Stuff I wrote elsewhere: What seven states can agree to do

When I was writing this, the working title was “optimism”.

Central Arizona Project, photo by John Fleck

It’s a piece for Stanford’s Lane Center, based on work I’ve been doing on Colorado River Water management. It was spawned by a conversation last summer with Jon Christensen, the Lane Center’s executive director. I was talking about my optimism about our problem-solving ability, and he asked me if I’d ever written a piece about it. I had to acknowledge that I hadn’t. I’ve done bits and pieces of this argument, especially on the blog. But my optimism is so out of step with so much of the literature on the Colorado Basin that I’ve been timid in advancing the argument.

It’s easy to write gloom about the situation in the Colorado River Basin. The supply and demand curves have crossed, and not in a good way. Population and therefore water demand continues to grow. Climate change seems to already be eating into water supply, but if the eating into hasn’t started yet, it appears likely that it will. Communities dependent on the river, most of them anyway, seem oblivious to the problem.

It is easy to extend out the supply and demand curves and conclude we’re doomed as a result. But I’m increasingly prepared to argue that, when the balloon goes up, we have demonstrated an ability to comprise and constrain our water use. Consider 2003, when California’s Colorado River allotment was rolled back:

The ax fell Jan. 1, 2003, with an edict from the Secretary of the Interior: California would get 4.4 million acre feet that year, and no more.

The Metropolitan Water District, Southern California’s primary water wholesaler, had been running its Colorado River Aqueduct full bore since it was built, moving 1.2 million acre feet of water per year. That number was cut to 500,000 acre feet, literally overnight.

Remarkably, the deal stuck.

At the Colorado River Water Users Association meeting last month in Las Vegas, I ran into one of the people who was in the room for the negotiations. This person still smiled in amazement recalling the events of nine years ago, because no one thought that politically powerful California would see its allocation cut.

California’s experience – in shifting to more locally developed supplies, in conservation, in better managing its storage – shows how much slack there is in our profligate water usage, and how much room there is in our approach to water management to use less and still have the sorts of communities and productive economies we seem to want. It would be perhaps better if it could be done proactively. I’m not optimistic about that. Change takes crisis. But I’m optimistic that, when crisis comes, we’ll be successful in adapting to our changing situation rather than abandoning this region that we love.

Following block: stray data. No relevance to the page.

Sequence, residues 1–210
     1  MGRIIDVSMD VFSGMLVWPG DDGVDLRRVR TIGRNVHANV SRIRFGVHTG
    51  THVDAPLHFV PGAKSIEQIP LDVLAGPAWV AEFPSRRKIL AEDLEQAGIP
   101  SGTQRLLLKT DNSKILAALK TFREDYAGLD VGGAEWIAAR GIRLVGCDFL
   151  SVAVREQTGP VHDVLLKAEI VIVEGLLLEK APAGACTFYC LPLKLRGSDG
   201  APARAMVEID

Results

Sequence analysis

Special thanks to Jon and John McChesney at the Lane Center for their support of this effort.

3 Comments

  1. Along the line of what causes change and why we might be optimistic while facing shortages, Matt Ridley wrote The Rational Optimist: How Prosperity Evolves in 2010. He spoke in March 2011 at the Long Now Foundation.

    Ridley makes compelling arguments that for me made sense, and for the first time I could see how economics, change, evolution, and ecology fit together. Economics is primarily the study of incentives. Change is the result of incentives.

    This video is 100 minutes, and well worth the time. http://fora.tv/2011/03/22/Matt_Ridley_Deep_Optimism

  2. You wrote, “change takes crisis.” I think it’s more that shortage requires change, though your phrase has better alliteration.

    Water is a commodity, albeit one that is critical to our survival. Perhaps we are looking for wisdom in the wrong places. Our elected (and appointed) leaders look towards their short-term needs to stay in office (though I’m sure they do wish to do good).

    Water needs to be priced appropriately. Given the right incentives, answers do have a way of popping up.

    - Land was freed up from agricultural production not by eating less meat, but by using machines for farming (since machines don’t need pasture).
    - It was the discovery of how to use coal, instead of wood, to power machines that saved forests, not from deciding to use less wood.
    - More land was freed up by making each acre more productive via synthetic fertilizers and pesticides, not by fasting once a week.
    - Whales were saved from extinction, not by lowering the amount of whale oil one bought, but by people buying the newer and more affordable kerosene (derived from coal) for lighting.
    - Even habitats can benefit from trade. According to Susan Hecht writing in the publication, Nature, El Salvador’s forests have increased, not shrunk, due to globalization, Salvadoreans working abroad send remittances to relatives so they no longer have to clear forests for subsistence farming.

    While logic and The ecotastrophists (Ehrlich, Meadows, Brown, et. al.) tell us that we will run out of resources very soon, humanity’s track record for thousands of generations shows the world has become less polluted and more resilient.

    Prophets have preached “the end is near” since the dawn of man–they still do. But, far from being the world’s executioner, globalization and the consumerism it cultivates, are its salvation.

    As longs as we trade one thing for another, we can be optimistic.

  3. “It would be perhaps better if it could be done proactively. I’m not optimistic about that. Change takes crisis.”

    It doesn’t have to. But America is over-supplied with rigid-minded fools these days, so it’s inevitable that the SW will come to a real crisis point, which will unnecessarily increase costs and stress for all involved. (Except those who are paid to finally implement a large and cumbersome solution – they will undoubtedly profit spectacularly.)

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